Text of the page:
Fedele As AI continues to integrate into our work lives, we're starting to see internal audit "superjobs" that combine portions of the traditional internal audit role with support from smart machines, data, and algorithms. For example, if AI was developed to support an internal auditor superjob, it might perform first-level review of workpapers, review the final audit workpaper file for compliance with IIA Standards, or draft the final audit report from results in workpapers. As AI adoption expands in organizations and teams of those with superjobs unite, "superteams" are formed as groups of people and intelligent machines work in concert to solve problems, gain insights, and create value.
Cangelosi The technological advancements of AI can prompt one to ask whether we will really need human intelligence in the near future. The benefit of AI is that manual tasks can be replaced by machine learning, freeing up staff to focus their efforts on new opportunities. New opportunities will likely be a higher use of their skills, keeping employees motivated as they are now able to focus on strategic initiatives. While results from AI are remarkable, it is still humans who design AI technology and ensure quality review of resulting outputs.
How can CAEs invest in staff training to help build long-term organizational resilience?
Cangelosi Internal audit is focused on risk identification and mitigation, as well as effective and efficient operating processes. As tools and technologies change the way we audit, so must the skills and capabilities of those performing the work. Equally as important as technical skills is an in-depth understanding of the organization and how it operates. Many companies have successfully implemented rotation programs within their organizations, to provide internal auditors an opportunity to work on diverse initiatives in different roles, while enhancing skill sets. In some cases, these employees remain permanent members of the new department, allowing others in the internal audit group opportunities for advancement.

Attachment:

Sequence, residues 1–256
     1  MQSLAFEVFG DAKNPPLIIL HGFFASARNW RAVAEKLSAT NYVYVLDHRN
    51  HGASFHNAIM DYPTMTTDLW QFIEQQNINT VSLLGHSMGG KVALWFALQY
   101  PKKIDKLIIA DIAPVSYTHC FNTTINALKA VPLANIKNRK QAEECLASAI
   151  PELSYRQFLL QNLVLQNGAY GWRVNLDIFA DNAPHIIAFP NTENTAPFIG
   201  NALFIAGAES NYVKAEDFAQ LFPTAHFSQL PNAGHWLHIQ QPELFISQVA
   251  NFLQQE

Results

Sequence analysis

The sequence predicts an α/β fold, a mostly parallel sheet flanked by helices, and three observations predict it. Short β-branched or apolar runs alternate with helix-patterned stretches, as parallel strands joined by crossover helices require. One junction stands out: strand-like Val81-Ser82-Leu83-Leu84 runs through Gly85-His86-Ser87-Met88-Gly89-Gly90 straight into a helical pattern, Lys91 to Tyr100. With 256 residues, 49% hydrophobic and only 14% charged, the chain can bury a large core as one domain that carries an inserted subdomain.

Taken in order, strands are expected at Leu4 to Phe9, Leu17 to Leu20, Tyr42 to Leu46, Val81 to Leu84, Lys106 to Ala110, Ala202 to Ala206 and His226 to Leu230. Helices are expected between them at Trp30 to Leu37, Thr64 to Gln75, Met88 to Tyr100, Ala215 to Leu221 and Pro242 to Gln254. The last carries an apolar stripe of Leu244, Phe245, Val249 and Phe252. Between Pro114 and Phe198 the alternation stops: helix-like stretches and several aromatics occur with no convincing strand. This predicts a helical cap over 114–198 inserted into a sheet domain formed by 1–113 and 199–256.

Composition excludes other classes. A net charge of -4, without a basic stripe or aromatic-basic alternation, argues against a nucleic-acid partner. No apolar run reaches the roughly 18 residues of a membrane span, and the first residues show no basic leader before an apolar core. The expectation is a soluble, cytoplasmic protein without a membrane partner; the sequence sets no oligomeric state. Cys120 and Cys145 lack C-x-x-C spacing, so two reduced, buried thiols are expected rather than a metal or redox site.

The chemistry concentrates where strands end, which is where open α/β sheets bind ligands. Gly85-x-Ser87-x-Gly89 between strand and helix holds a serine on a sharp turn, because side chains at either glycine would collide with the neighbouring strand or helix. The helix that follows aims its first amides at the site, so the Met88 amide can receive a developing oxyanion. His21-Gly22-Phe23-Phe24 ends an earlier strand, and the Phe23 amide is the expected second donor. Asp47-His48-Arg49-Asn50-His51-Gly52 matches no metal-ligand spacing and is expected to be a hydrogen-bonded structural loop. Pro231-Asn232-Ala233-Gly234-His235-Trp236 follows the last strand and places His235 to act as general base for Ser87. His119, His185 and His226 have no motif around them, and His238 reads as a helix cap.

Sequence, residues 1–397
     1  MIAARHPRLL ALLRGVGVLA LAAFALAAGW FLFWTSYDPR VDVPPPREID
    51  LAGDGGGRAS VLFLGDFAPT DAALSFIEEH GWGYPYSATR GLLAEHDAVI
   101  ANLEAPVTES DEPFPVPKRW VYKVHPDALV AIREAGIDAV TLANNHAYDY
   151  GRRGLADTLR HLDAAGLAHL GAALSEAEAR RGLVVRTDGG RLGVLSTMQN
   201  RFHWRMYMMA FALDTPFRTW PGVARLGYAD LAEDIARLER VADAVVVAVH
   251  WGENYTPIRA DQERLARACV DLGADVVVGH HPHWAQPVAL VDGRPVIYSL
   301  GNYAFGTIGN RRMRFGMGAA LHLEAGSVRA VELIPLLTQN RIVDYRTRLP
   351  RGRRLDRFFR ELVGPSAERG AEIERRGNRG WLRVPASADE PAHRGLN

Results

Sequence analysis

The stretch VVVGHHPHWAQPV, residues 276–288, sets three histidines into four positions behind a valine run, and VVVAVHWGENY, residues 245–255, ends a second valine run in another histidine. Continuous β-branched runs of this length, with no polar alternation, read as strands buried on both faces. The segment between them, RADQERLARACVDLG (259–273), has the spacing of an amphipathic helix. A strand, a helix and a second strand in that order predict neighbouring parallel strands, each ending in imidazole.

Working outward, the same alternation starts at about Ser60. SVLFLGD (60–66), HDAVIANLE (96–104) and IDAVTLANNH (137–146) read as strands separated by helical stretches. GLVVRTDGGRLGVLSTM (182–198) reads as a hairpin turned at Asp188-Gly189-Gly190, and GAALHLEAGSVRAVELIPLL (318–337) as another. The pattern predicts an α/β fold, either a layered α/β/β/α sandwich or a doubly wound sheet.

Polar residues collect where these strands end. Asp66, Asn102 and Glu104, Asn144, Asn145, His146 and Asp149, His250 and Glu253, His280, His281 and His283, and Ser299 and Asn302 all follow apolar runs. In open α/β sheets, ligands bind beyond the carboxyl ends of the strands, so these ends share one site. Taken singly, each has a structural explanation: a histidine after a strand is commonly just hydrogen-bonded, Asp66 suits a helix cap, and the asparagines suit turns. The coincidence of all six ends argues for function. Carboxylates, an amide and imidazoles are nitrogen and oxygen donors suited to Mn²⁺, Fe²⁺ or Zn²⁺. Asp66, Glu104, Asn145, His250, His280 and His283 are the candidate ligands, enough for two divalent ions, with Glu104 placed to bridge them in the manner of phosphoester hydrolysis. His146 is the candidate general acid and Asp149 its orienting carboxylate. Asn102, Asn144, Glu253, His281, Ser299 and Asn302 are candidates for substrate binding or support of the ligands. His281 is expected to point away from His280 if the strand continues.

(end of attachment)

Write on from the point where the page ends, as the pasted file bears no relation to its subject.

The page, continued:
Fedele Giving current staff robust training, as well as incentives to pursue certifications relevant to internal auditors — including those focused on internal audit, risk management assurance, cybersecurity fundamentals, analytics, cloud, fraud, and project management — can permanently fill talent gaps while creating an environment of continuous learning and improvement. In better preparing internal audit and the organization for digital disruption, emerging risks, and evolving opportunities, everyone can grow and make positive changes.